Why We Should Reject ‘Nudge’

  title={Why We Should Reject ‘Nudge’},
  author={T. Goodwin},
  pages={85 - 92}
This article argues that the use of ‘nudge’ tactics in UK policymaking ought to be rejected. Nudge contravenes the coalition government's aspirations to promote ideas such as empowerment, freedom and fairness. Moreover, it is not an effective strategy for bringing about the kind of behavioural changes required to solve society's ‘big problems’ – problems around climate change and public health, for example. The article mines political theory in a way that is distinctly absent from the current… Expand
Why Nudges Matter: A Reply to Goodwin
This article argues that, contrary to Goodwin's recent arguments, nudges are compatible with the coalition government's stated aspiration to further self-empowerment. This is because, despite itsExpand
Why a nudge is not enough: a social identity critique of governance by stealth
Policy makers can use four different modes of governance: 'hierarchy', 'markets', 'networks' and 'persuasion'. In this article, it is argued that 'nudging' represents a distinct (fifth) mode ofExpand
The birth of mindpolitics: understanding nudging in public health policy
This article addresses the question: ‘In what ways have nudging and other behavioural techniques entered the realm of policymaking for public health and what does that mean for the way contemporaryExpand
A Review of Nudges: Definitions, Justifications, Effectiveness
In an influential book published in 2008, Thaler and Sunstein suggested a novel approach to policy making based on the notion of a ‘nudge.’ Roughly speaking, a nudge is defined as an aspect of theExpand
Nudging and Informed Consent
  • Shlomo Cohen
  • Psychology, Medicine
  • The American journal of bioethics : AJOB
  • 2013
The conclusion is that, when ethically legitimate, nudging offers an important new paradigm for informed consent, with a special potential to overcome the classical dilemma between paternalistic beneficence and respect for autonomy. Expand
Green Nudges: Do They Work? Are They Ethical?
Environmental policies are increasingly informed by behavioral economics insights. ‘Green nudges’ in particular have been suggested as a promising new tool to encourage consumers to act in anExpand
Challenging the challenge: The Ethics of Early Intervention
Early intervention (EI) programs face severe and often condemnatory critique. Some common criticisms arising within the social science literature concern the burden of moral blame that EI programsExpand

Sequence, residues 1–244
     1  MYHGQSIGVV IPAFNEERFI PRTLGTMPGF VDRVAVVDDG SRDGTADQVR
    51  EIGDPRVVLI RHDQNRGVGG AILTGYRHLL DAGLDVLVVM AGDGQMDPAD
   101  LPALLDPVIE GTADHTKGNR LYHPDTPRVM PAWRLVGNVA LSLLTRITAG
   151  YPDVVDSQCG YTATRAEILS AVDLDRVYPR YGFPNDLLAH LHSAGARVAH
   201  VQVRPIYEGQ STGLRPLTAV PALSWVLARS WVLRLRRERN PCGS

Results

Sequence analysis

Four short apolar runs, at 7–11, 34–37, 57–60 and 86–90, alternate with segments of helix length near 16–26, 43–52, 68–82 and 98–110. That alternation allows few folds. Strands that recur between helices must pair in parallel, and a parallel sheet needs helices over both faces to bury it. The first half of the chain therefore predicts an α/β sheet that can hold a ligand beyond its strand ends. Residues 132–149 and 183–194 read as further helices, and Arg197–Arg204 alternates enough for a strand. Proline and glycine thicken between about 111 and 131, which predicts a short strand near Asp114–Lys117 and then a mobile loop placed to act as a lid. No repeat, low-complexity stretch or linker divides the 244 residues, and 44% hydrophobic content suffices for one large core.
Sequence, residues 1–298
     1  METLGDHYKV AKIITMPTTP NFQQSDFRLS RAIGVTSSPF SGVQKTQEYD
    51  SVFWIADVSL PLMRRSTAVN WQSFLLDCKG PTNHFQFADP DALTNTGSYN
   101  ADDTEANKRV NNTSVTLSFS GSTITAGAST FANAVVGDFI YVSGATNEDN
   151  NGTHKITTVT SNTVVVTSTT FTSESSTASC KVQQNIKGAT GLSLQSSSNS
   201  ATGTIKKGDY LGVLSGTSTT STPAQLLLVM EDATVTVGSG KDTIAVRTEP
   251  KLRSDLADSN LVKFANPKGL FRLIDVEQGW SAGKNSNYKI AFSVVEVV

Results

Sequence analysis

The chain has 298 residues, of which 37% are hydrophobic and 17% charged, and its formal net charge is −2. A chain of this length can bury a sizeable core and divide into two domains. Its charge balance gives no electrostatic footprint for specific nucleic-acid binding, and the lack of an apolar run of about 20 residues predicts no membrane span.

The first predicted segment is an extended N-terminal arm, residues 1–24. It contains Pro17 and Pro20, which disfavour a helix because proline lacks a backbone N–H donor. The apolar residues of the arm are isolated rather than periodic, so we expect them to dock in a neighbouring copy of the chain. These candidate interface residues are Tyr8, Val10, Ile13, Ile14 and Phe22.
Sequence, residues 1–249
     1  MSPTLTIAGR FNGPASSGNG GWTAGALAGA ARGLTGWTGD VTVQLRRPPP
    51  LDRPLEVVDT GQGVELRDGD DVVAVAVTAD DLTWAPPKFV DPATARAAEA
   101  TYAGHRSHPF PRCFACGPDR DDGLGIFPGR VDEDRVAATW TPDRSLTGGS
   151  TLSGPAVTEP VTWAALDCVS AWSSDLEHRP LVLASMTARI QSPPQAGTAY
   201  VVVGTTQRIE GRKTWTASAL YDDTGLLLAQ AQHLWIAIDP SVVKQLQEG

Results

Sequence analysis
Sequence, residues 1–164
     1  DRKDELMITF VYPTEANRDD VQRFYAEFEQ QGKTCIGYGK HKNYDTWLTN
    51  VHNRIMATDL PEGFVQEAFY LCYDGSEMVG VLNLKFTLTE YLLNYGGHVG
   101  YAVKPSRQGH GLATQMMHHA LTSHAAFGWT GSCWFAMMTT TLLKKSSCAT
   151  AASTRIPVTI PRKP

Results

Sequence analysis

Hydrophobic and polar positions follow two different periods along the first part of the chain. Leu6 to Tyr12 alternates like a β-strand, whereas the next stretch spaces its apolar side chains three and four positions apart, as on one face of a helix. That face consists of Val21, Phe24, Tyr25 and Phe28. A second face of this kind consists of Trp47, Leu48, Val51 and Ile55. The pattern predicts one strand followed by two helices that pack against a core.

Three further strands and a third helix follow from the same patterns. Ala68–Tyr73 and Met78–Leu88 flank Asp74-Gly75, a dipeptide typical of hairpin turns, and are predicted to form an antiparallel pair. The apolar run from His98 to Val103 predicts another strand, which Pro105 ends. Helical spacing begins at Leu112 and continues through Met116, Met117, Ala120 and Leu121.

Nudge: Concept, Effectiveness, and Ethics
ABSTRACT Nudges are psychologically informed tools designed to promote behavioral change in order to improve health and well-being. In this review, we focus on three areas of concern: theory,Expand
Nudging as a new "soft" policy tool: An assessment of the definitional scope of nudges, practical implementation possibilities and their effectiveness
The idea of nudging has become increasingly popular in both academic and political circles. There are, however, many different interpretations of the term 'nudge' which blurs its scope. In thisExpand
The Power to Nudge
Nudging policies rely on behavioral science to improve people's decisions through small changes in the environments within which people make choices. This article first seeks to rebut a prominentExpand


Nudge nudge, think think: Two strategies for changing civic behaviour
This paper reviews two contrasting approaches governments use to engage the citizen to promote better public policy outcomes: nudging citizens using the insights of behavioural economics, asExpand
Interventions in the political geography of ‘libertarian paternalism’
Contributions from political, health and economic geography, social policy and environmental policy studies are brought together here in order to examine the implications of a ‘libertarianExpand
The Geographies of Soft Paternalism in the UK: The Rise of the Avuncular State and Changing Behaviour after Neoliberalism
Soft paternalism or libertarian paternalism has emerged as a new rationality of governing in the UK under New Labour, denoting a style of governing which is aimed at both increasing choice andExpand
Deliberative Democracy and Social Choice
The paper contrasts the liberal conception of democracy as the aggregation of individual preferences with the deliberative conception of democracy as a process of open discussion leading to an agreedExpand
What's wrong with negative liberty
This is an attempt to resolve one of the issues that separate ‘positive’ and ‘negative’ theories of freedom, as these have been distinguished in Isaiah Berlin's seminal essay, ‘Two concepts ofExpand
The new paternalism : supervisory approaches to poverty
If government tells dependent people how to live today, will we have a more self-reliant society tomorrow? That's the critical question as government increasingly seeks to supervise the lives of poorExpand
Judging nudging: can nudging improve population health?
Theresa Marteau and colleagues ask whether the concept of "nudging" stands up to scientific scrutiny. Expand
The Coalition: our programme for government - potential implications for physical activity
  • Panwm
  • Political Science
  • 2010
The Coalition: Our Programme for Government document was published in May 2010, and provides an overview of the key policies that the new Coalition Government will take forward. The programme is setExpand
Professor Hayek has now developed more fully a system of political and social thought dedicated to liberty and based on the thesis that only through liberty can the spirit of civilization survive. Expand
The Intuitive Psychologist And His Shortcomings: Distortions in the Attribution Process1
Publisher Summary Attribution theory is concerned with the attempts of ordinary people to understand the causes and implications of the events they witness. It deals with the “naive psychology” ofExpand